A refreshing style of update, good to see Aapo showing his appreciation for the club's supporters so early on!
Great to see you back man! This should be a cracker! Great start and hopefully you can put together an extended cup run!
With the beginning of the new year, it spells the beginning of preseason for Finnish football clubs across the country. We begin the league season in April, but not before we have completed the group stages of the Finnish Cup and the friendlies that we have already arranged. In this update, I will introduce you to the squad, the staff and many other things relevant to the upcoming 2018 season.
Firstly, we will look at the backroom staff that I am working with this season. The boardroom consists of four people, with the chairman being Risto Ihalainen, backed up by a managing director and two other directors. These are the men who finance the club, who can either hire or fire me from my job and also can speak openly about club related issues.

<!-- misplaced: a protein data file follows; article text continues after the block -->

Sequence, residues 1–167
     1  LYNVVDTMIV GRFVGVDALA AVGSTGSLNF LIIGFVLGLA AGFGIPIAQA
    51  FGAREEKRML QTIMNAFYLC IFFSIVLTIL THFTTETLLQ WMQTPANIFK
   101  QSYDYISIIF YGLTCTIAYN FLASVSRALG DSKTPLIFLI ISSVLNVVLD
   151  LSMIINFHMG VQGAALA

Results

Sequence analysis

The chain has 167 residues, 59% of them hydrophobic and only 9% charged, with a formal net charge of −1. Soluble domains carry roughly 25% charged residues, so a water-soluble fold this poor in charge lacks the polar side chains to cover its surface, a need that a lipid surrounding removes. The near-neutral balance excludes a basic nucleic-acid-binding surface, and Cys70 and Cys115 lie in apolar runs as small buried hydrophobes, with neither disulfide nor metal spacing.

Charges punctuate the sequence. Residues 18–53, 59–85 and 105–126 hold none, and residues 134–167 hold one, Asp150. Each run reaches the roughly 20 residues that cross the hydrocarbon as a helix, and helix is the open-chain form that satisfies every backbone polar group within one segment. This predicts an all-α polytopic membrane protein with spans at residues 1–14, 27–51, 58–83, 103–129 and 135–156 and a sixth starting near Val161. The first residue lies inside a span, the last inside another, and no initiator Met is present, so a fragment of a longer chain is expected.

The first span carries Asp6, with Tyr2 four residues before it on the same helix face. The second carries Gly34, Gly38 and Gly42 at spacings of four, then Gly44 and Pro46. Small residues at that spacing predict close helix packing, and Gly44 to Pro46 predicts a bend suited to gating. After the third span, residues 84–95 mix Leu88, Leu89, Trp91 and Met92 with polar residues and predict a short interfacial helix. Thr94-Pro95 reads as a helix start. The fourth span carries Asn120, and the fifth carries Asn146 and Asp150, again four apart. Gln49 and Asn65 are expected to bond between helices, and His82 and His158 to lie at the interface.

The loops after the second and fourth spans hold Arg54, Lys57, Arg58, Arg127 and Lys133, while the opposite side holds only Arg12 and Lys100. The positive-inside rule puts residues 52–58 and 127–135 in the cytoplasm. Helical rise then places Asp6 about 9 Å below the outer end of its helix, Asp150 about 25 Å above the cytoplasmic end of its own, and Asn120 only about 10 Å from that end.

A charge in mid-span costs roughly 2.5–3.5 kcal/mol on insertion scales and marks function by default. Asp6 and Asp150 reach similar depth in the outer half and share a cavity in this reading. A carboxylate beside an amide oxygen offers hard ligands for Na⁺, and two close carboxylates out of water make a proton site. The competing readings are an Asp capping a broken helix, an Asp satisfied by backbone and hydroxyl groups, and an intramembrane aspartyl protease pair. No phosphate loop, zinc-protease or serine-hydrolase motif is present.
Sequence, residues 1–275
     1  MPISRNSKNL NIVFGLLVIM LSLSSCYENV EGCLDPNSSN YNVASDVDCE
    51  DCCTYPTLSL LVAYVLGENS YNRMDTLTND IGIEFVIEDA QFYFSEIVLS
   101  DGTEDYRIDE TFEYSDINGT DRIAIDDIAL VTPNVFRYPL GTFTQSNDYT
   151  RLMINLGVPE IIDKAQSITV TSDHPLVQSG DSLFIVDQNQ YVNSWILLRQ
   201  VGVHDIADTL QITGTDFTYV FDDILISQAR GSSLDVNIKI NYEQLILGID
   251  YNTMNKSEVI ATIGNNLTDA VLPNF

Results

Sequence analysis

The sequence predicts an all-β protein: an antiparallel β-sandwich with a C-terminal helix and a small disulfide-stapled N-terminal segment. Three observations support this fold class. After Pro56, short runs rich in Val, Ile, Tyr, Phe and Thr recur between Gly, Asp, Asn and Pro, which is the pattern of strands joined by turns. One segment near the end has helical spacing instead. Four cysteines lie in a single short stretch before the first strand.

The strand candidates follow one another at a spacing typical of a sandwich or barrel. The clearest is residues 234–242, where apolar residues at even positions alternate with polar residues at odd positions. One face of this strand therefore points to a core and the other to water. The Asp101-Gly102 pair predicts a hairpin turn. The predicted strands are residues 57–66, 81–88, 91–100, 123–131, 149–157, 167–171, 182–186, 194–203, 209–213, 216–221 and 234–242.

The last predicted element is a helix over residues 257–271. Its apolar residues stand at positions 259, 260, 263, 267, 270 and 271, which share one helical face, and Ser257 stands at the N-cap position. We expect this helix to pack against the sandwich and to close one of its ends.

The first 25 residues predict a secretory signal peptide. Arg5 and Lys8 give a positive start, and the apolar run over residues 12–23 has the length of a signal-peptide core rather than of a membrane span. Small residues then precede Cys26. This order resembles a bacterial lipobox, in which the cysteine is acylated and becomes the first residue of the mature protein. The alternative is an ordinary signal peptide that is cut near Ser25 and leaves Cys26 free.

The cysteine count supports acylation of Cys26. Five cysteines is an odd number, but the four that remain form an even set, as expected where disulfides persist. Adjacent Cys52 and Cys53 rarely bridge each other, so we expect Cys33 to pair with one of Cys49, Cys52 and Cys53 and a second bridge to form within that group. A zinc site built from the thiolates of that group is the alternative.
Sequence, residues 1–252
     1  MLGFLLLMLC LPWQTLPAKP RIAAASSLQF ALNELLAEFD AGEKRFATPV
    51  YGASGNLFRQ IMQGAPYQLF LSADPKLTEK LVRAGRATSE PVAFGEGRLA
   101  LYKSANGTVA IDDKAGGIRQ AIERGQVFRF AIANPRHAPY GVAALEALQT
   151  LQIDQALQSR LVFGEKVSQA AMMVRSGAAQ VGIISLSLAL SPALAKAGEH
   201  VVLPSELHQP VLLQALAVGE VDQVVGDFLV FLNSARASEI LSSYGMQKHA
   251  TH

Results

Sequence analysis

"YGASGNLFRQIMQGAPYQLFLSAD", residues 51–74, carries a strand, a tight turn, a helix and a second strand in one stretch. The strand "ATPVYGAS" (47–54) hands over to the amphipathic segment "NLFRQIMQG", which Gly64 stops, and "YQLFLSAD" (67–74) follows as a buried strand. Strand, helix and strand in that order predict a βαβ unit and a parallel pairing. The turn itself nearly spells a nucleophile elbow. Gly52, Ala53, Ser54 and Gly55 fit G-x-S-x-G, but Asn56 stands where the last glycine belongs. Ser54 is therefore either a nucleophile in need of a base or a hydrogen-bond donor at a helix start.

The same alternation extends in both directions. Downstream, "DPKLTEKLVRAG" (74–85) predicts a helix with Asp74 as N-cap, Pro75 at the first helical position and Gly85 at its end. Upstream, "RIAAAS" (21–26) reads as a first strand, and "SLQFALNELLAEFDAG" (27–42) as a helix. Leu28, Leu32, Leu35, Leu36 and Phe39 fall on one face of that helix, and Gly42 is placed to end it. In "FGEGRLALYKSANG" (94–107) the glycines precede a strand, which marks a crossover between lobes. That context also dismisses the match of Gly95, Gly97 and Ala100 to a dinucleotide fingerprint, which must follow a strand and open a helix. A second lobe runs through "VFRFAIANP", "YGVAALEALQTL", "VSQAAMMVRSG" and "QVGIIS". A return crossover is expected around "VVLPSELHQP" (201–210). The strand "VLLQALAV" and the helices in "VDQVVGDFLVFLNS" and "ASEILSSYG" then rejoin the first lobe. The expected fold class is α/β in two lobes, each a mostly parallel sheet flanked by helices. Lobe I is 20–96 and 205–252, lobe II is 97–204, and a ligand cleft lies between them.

Working underneath the chairman and directors are the backroom staff. As the manager, I will be making many of the decisions in terms of my own staff recruitment, incoming and outgoing transfers for both senior and youth players as well as handling contract negotiations with existing players. For my right-hand man, I have inherited a player-assistant manager in the form of Markus Heikkinen, who is a 39-year-old centre-back. Heikkinen will take charge of both first-team and youth training sessions as well as youth development alongside the coaches at the club already. Unfortunately, we will be losing Heikkinen at the end of this season as he has agreed a contract with Oulun Luistinseura to join them in December 2018 so I will need to find a new right-hand man by next season.
In the recruitment side of things, Markus Heikkinen also takes a key role in the club with his secondary job being the Director of Football and leading the scouting effort alongside a very promising chief scout Jouko Abdul-Rahim and general scout Pekka Juntunen. Abdul-Rahim will arrange and take part in assignments for our scouting team which will mainly be going around Finland due to our lack of scouting budget.